Cofield declined a request by The Courant to interview her or to submit written questions to her. Also, the Judicial Selection Commission's chairman, Robert S. Bello, a Stamford lawyer, did not return calls from The Courant on Thursday and Friday.
Democratic Gov. Dannel P. Malloy's office would not say Friday whether it's even a possibility that he would choose to renominate Cofield next year — that is, if she gets recommended by the selection commission and if he wins re-election in November. Malloy's communications director, Andrew Doba said Friday it would be "inappropriate for our office to comment at this point in the process."
Cofield is one of 16 state judges, including Chief Justice Chase T. Rogers of the Supreme Court, whose terms run out in 2015. There's a presumption in state law that "each incumbent judge who seeks reappointment…qualifies for retention in judicial office," and "the burden of rebutting such presumption shall be on the commission."
That means the 12-member commission (with six members appointed by the governor and six by General Assembly leaders) would have to justify its case if it were to deny Cofield another eight-year term.
Such a process could take months and would include a formal hearing, if, as the law says, "a preliminary examination" by the commission "indicates further inquiry is necessary before a recommendation of reappointment may be made."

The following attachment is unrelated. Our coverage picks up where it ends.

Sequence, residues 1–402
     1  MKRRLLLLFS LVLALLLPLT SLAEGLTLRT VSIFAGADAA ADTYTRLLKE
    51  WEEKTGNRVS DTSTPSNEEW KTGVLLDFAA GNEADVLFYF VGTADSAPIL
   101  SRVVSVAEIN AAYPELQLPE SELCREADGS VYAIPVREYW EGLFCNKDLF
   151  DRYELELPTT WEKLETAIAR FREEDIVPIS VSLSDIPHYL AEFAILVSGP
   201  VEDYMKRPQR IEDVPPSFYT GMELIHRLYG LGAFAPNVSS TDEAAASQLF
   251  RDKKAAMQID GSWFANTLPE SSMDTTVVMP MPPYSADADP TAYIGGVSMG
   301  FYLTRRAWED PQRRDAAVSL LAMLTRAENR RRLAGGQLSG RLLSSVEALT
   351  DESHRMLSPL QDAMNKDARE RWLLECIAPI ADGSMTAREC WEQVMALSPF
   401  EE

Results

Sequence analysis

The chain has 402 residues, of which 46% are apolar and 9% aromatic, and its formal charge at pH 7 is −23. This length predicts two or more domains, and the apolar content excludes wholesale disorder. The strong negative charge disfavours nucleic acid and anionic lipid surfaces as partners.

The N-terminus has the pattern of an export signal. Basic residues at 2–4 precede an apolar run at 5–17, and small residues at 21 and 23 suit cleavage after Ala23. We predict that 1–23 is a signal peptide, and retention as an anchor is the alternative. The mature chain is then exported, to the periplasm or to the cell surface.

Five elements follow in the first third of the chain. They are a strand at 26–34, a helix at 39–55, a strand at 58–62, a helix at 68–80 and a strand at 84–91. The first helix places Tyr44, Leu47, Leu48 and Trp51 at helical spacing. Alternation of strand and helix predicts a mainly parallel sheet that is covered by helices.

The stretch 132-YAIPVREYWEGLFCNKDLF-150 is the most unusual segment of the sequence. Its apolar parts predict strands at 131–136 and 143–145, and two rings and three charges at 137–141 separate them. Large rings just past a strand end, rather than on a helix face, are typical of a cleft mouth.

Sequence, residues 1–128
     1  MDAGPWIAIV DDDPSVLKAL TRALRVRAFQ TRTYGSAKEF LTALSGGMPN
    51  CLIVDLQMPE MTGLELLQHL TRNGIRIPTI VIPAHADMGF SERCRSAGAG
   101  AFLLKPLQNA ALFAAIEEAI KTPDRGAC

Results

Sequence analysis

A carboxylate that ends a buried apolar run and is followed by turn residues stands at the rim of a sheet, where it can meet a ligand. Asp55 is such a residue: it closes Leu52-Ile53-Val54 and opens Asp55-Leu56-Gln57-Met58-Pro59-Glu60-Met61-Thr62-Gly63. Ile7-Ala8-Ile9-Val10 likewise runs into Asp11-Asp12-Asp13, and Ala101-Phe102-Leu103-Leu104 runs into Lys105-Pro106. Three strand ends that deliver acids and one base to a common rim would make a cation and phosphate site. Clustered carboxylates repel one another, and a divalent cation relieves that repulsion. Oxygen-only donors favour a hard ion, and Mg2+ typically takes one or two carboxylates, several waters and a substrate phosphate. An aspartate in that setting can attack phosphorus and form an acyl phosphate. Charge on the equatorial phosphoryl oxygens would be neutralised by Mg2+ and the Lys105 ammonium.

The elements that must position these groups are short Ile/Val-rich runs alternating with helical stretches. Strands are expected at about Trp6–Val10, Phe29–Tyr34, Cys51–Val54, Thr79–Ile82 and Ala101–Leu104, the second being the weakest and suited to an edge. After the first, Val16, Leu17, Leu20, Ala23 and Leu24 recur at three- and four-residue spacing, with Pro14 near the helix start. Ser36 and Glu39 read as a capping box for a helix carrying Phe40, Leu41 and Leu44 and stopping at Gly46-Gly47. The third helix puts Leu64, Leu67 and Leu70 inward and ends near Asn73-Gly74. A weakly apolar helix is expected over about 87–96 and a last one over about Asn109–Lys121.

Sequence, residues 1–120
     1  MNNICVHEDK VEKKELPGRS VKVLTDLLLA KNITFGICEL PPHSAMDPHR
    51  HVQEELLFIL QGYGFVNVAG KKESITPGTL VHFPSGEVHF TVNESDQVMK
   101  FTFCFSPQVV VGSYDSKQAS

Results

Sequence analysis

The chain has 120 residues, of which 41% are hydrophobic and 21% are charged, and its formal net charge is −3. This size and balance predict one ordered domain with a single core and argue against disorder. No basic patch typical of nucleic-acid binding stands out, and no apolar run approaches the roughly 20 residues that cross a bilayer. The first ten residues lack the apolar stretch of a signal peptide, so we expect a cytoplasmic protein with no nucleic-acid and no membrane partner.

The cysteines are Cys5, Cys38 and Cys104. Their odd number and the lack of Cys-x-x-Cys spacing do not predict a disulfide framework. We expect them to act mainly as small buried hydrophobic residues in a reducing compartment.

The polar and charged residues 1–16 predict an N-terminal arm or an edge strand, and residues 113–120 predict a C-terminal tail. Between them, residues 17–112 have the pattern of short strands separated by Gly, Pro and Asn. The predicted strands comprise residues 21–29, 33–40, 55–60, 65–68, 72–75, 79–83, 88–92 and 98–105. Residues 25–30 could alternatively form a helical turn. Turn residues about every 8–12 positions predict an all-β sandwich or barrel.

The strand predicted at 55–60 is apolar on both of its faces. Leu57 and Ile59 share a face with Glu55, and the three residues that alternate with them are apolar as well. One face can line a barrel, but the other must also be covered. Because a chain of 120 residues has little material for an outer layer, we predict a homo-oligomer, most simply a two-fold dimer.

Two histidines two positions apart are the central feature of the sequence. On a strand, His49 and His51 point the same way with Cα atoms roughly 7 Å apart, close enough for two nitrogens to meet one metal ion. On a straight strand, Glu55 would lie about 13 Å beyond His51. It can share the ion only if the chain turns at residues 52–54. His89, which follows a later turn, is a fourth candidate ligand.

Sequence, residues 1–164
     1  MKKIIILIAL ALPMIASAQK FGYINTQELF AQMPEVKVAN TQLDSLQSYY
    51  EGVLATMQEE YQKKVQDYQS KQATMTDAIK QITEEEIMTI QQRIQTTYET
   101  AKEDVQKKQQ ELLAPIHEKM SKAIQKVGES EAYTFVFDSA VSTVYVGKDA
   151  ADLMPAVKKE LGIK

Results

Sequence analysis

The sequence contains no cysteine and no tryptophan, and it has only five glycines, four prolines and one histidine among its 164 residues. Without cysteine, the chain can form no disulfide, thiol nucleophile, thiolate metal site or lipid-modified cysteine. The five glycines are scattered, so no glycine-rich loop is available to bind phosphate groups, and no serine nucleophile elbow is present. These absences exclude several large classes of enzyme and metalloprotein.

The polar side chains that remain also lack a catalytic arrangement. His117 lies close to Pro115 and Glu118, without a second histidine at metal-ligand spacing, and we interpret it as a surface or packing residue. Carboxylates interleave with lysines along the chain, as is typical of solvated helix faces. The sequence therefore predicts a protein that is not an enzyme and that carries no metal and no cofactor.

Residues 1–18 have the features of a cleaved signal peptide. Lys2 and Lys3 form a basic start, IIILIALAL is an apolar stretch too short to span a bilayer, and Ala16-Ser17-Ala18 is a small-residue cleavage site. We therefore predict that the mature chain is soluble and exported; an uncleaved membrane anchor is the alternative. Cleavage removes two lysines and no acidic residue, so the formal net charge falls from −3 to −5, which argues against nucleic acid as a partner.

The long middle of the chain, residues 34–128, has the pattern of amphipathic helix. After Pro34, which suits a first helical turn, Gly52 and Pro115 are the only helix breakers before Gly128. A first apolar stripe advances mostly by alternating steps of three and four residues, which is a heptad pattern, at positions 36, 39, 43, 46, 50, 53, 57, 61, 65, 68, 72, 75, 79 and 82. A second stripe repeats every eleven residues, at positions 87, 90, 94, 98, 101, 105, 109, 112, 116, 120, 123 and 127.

The judge could request that the hearing be open to the public. A judge who receives a negative decision can, within 10 days, "request a rehearing" by claiming "the conclusions of the commission are contrary to the evidence presented at the hearing."
Ultimately, though, "the decision of the commission shall be final" and there's "no right of appeal by any judge appearing before the commission," the law says.
The selection commission is based in Hartford but has been holding its meetings in recent months in New Haven City Hall. It reviews the qualifications not only of incumbent judges, but also lawyers seeking to get on the eligibility list for first-time appointment as judges. Factors that the law says it must consider include "legal ability, competence, integrity, character and temperament."